each positive weak Dunford-Pettis operator T : E → F has an adjoint T : F → E which is

Dunford-Pettis and then weak Dunford-Pettis.

6 Follows from 3 of Theorem 3.2.

7 In this case each operator T : E → F has an adjoint T : F → E which is weak

Dunford-Pettis.

For the converse of Theorem 3.2, we have the following.

Theorem 3.5. Let E and F be two Banach lattices. If each positive weak Dunford-Pettis operator

T : E → F has an adjoint T : F → E which is Dunford-Pettis, then one of the following assertions

is valid:

1 the norm of E is order continuous,

2 F has the Schur property.

Proof. Assume by way of contradiction that the norm of E is not order continuous and F does

not have the Schur property. We have to construct a positive weak Dunford-Pettis operator

T : E → F such that its adjoint T : F → E is not Dunford-Pettis.

Since the norm of E is not order continuous, it follows from the proof of Theorem 1 of

Wickstead 9 the existence of a sublattice H of E, which is isomorphic to l1 , and a positive

projection P : E → l1 .

On the other hand, since F does not have the Schur property, there exists a weakly null

sequence fn ⊂ F such that fn 1 for all n. Moreover, there exists a sequence yn ⊂ F

with yn ≤ 1 and some ε0 > 0 such that |fn yn | ≥ ε0 for all n.

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7

Now, we consider the operator T S ◦ P : E → l1 → F, where S is the operator

defined by

S : l1 → F,

λn −→

λn yn .

3.3

n

Since l1 has the Dunford-Pettis property, the operator T is weak Dunford-Pettis. But its adjoint

T : F → E is not Dunford-Pettis. Indeed, the sequence fn is weakly null in F . And as the

operator P : E → l1 is surjective, there exist δ > 0 such that δ · Bl1 ⊂ P BE , where BH is the

closed unit ball of H E or l1 . Hence

T fn supT fn x supfn T x supfn ◦ S px

x∈BE

x∈BE

x∈BE

≥ δ · sup fn ◦ Sλi ≥ δ · fn ◦ Sen ≥ δ · fn yn > δ.ε0 ,

3.4

λi i ∈Bl1

1

where ei ∞

i1 is the canonical bases of l .

Then T fn > δ · ε0 for all n, and we conclude that T is not Dunford-Pettis. This

presents a contradiction.

Remarks 3.6. Let E and F be two Banach lattices such that F does not have the Schur property.

If each positive weak Dunford-Pettis operator T from E into F has an adjoint T from F into

E which is Dunford-Pettis, then

1 F does not necessarily have the AM-compactness property. In fact, if we take E c0

and F l∞ , we observe that each operator T from c0 into l∞ has an adjoint T from

l∞ into l1 which is Dunford-Pettis because l1 has the Schur property, but F l∞

does not have the AM-compactness property,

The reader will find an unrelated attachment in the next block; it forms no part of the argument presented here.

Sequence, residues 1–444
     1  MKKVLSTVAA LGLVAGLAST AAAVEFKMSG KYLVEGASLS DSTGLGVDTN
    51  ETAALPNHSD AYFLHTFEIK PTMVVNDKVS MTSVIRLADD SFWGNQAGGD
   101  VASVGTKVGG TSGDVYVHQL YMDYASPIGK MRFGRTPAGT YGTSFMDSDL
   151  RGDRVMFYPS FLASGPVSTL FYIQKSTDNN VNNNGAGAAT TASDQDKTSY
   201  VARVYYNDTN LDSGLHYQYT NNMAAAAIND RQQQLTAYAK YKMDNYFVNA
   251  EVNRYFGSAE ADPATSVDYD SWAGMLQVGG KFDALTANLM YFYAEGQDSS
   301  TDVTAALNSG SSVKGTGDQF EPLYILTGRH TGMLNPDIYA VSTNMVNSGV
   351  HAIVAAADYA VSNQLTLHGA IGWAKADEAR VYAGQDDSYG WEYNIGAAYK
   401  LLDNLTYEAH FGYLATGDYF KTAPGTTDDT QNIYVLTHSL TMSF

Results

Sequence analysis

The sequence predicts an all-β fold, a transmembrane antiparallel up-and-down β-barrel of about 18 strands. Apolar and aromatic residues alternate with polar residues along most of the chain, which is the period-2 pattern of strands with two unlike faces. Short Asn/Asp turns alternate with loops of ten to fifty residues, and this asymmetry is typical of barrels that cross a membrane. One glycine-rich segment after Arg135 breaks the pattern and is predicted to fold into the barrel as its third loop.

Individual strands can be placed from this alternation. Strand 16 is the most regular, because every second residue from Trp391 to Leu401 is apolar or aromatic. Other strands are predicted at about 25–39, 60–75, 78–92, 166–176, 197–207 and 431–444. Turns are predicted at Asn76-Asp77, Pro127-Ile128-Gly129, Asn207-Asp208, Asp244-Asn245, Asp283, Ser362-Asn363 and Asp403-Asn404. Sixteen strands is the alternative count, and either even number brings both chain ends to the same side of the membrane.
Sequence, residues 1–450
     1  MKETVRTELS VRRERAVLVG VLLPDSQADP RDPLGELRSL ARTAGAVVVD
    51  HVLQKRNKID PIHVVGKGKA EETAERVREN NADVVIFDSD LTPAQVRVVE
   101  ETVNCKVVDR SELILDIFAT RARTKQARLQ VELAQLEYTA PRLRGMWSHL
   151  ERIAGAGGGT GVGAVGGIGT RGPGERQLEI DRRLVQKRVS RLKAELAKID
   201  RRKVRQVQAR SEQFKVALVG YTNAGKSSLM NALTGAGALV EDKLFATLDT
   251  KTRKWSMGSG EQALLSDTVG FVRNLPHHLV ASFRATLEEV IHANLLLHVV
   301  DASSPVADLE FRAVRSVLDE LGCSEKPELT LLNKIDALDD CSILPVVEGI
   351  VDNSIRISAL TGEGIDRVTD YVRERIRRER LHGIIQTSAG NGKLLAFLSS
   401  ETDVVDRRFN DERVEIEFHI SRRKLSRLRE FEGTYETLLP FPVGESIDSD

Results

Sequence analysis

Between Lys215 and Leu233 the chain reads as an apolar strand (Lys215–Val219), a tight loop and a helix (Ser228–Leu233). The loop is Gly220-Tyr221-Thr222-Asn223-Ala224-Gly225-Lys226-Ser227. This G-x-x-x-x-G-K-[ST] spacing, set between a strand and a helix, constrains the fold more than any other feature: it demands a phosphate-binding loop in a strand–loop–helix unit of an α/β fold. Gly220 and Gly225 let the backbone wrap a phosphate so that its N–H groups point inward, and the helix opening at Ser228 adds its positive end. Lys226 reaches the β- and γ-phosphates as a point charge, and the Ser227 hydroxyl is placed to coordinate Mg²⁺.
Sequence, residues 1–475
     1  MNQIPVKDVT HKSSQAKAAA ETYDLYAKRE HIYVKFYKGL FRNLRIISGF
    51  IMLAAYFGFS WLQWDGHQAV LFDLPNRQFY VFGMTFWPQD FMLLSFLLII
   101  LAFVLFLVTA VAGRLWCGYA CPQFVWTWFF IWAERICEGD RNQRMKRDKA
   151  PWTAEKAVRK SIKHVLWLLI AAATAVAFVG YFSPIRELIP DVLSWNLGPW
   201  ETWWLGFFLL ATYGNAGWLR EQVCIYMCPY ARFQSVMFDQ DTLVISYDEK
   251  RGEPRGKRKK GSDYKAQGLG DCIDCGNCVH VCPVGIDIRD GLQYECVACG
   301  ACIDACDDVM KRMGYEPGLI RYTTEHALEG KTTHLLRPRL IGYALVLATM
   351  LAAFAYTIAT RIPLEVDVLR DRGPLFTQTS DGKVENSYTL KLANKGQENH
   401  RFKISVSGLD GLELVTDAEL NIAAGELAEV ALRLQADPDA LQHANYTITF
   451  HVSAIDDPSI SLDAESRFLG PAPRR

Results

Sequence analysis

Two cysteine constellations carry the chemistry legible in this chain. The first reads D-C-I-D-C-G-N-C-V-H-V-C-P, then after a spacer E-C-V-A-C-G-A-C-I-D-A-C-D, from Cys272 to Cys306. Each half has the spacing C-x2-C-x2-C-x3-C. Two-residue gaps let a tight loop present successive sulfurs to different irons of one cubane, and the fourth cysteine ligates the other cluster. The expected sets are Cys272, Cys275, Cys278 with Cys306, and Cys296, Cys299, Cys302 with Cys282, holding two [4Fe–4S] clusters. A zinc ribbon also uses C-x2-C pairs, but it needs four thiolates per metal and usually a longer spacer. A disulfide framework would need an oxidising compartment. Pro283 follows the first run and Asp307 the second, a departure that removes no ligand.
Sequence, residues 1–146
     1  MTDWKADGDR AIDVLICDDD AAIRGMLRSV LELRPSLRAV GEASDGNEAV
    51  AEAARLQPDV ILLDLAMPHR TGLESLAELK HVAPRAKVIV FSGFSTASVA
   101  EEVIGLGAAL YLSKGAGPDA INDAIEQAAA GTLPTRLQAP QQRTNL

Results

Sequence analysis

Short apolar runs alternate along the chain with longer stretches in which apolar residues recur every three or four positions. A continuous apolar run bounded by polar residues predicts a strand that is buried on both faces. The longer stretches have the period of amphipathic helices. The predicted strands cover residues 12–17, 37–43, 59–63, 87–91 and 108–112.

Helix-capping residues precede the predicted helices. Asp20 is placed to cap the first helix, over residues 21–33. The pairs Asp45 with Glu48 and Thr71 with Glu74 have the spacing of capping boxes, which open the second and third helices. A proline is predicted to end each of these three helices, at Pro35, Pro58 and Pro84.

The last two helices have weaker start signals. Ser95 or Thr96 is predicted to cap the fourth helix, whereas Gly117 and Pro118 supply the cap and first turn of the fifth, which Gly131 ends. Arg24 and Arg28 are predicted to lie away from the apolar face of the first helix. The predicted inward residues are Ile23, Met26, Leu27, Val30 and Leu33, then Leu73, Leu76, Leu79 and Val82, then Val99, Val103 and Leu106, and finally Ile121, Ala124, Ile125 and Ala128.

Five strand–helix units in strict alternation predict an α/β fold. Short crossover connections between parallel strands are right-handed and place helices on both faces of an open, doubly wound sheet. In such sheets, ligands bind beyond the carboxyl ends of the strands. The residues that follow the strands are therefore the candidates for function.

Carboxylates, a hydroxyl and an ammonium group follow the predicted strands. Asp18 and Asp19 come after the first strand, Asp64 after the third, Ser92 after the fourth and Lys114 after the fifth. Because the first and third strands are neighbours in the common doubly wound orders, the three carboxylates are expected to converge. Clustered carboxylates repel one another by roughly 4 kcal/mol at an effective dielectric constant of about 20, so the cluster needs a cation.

2 the norm of E is not necessarily order continuous. In fact, if we take E c and

F l∞ , we note that each operator T from c into l∞ has an adjoint T from l∞

into c which is Dunford-Pettis because c has the Schur property, but the norm of

E c is not order continuous,

3 E does not necessarily have the AM-compactness property. In fact, if we take

E l∞ and F l∞ , we note that each positive weak Dunford-Pettis operator

T from l∞ into l∞ has an adjoint T from l∞ into l∞ which is Dunford-Pettis

see assertion 2 of Theorem 3.2, but E l∞ does not have the AM-compactness

property.

Whenever E F, we obtain the following characterization.

Theorem 3.7. Let E be a Dedekind σ-complete Banach lattice. Then the following assertions are

equivalent:

1 each positive weak Dunford-Pettis operator T from E into E has an adjoint which is

Dunford-Pettis,

2 the norms of E and E are order continuous.

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Proof. 1⇒2. By Theorem 3.5, the norm of E is order continuous. We have just to prove

that the norm of E is order continuous. Assume that the norm of E is not order continuous,

and since E is Dedekind σ-complete, then E contains a closed sublattice isomorphic to l∞ and

there is a positive projection P : E → l∞ . Let i : l∞ → E be the canonical injection of l∞ into

E. Consider the operator defined by

T i ◦ P : E −→ l∞ −→ E.

3.5

Since l∞ has the Dunford-Pettis property, the positive operator T is weak Dunford-Pettis. But

its adjoint T : E → E is not Dunford-Pettis. If not, the adjoint of the composed operator

P ◦ T ◦ i : l∞ −→ E −→ E −→ l∞

3.6

would be Dunford-Pettis. But P ◦ T ◦ i Idl∞ Idl∞ is not Dunford-Pettis because

l∞ does not have the Schur property. This presents a contradiction, and hence E has an

order continuous norm.

2⇒1. It follows from 3 of Theorem 3.2.

4. Complements on the Duality of Almost Dunford-Pettis Operators

In 6, we studied the duality for almost Dunford-Pettis operators. In this section we use the

AM-compactness property to give some new results.

Let us recall that an operator T from a Banach lattice E into a Banach space F is said

to be almost Dunford-Pettis if the sequence T xn converges to 0 for every weakly null

sequence xn consisting of pairwise disjoint elements in E.

Note that the adjoint of a positive almost Dunford-Pettis operator is not necessarily

Dunford-Pettis. In fact, the identity operator of the Banach space l1 is almost Dunford-Pettis

but its adjoint, which is the identity of the Banach space l∞ , is not Dunford-Pettis.

The following result gives some suﬃcient conditions for which each positive almost